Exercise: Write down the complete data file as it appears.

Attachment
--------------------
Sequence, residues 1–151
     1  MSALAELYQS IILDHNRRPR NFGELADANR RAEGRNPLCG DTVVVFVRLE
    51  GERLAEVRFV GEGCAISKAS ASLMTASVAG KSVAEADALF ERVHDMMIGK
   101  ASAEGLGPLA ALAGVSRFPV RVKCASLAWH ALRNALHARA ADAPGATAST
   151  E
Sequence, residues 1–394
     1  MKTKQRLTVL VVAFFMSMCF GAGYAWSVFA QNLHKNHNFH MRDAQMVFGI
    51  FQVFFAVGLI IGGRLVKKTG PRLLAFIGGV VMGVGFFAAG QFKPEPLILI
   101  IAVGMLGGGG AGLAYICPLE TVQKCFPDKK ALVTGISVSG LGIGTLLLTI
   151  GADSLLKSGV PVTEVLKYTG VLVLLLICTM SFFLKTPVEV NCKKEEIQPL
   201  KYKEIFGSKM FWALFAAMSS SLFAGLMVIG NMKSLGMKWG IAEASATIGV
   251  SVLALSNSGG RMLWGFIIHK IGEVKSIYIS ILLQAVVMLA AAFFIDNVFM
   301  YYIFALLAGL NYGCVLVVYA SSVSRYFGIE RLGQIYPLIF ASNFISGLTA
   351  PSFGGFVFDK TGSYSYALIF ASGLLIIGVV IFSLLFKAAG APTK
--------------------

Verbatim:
Sequence, residues 1–151
     1  MSALAELYQS IILDHNRRPR NFGELADANR RAEGRNPLCG DTVVVFVRLE
    51  GERLAEVRFV GEGCAISKAS ASLMTASVAG KSVAEADALF ERVHDMMIGK
   101  ASAEGLGPLA ALAGVSRFPV RVKCASLAWH ALRNALHARA ADAPGATAST
   151  E
Sequence, residues 1–394
     1  MKTKQRLTVL VVAFFMSMCF GAGYAWSVFA QNLHKNHNFH MRDAQMVFGI
    51  FQVFFAVGLI IGGRLVKKTG PRLLAFIGGV VMGVGFFAAG QFKPEPLILI
   101  IAVGMLGGGG AGLAYICPLE TVQKCFPDKK ALVTGISVSG LGIGTLLLTI
   151  GADSLLKSGV PVTEVLKYTG VLVLLLICTM SFFLKTPVEV NCKKEEIQPL
   201  KYKEIFGSKM FWALFAAMSS SLFAGLMVIG NMKSLGMKWG IAEASATIGV
   251  SVLALSNSGG RMLWGFIIHK IGEVKSIYIS ILLQAVVMLA AAFFIDNVFM
   301  YYIFALLAGL NYGCVLVVYA SSVSRYFGIE RLGQIYPLIF ASNFISGLTA
   351  PSFGGFVFDK TGSYSYALIF ASGLLIIGVV IFSLLFKAAG APTK